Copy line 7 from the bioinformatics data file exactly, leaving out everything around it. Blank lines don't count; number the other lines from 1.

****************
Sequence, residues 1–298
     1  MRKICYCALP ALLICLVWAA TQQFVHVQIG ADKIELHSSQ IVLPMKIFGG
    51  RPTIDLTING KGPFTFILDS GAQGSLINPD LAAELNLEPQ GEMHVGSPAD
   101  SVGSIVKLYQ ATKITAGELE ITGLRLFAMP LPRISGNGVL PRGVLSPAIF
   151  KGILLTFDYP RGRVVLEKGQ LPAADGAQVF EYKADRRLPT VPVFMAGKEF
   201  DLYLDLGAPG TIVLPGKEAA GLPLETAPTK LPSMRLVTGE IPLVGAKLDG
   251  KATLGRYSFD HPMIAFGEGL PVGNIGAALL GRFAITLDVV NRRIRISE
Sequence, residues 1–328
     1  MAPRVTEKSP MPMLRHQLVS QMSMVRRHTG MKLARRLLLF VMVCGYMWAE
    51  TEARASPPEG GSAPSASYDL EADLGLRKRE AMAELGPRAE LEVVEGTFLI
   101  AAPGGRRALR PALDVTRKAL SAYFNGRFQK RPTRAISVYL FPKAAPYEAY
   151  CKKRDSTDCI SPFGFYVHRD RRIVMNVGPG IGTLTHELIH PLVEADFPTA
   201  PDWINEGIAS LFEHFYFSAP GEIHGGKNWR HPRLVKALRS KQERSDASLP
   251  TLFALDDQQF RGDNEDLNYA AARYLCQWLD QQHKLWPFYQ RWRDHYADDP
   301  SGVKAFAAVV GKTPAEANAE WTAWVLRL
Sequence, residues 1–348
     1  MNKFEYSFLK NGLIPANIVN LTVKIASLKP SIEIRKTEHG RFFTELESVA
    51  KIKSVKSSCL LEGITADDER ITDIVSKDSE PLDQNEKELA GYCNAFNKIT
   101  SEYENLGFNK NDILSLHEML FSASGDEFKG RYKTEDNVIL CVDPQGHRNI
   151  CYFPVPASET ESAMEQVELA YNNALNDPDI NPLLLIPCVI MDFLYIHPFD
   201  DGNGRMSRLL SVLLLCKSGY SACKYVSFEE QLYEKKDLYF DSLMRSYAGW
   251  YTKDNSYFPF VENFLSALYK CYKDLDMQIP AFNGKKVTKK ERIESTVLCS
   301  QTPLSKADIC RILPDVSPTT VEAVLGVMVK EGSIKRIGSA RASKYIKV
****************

   251  KATLGRYSFD HPMIAFGEGL PVGNIGAALL GRFAITLDVV NRRIRISE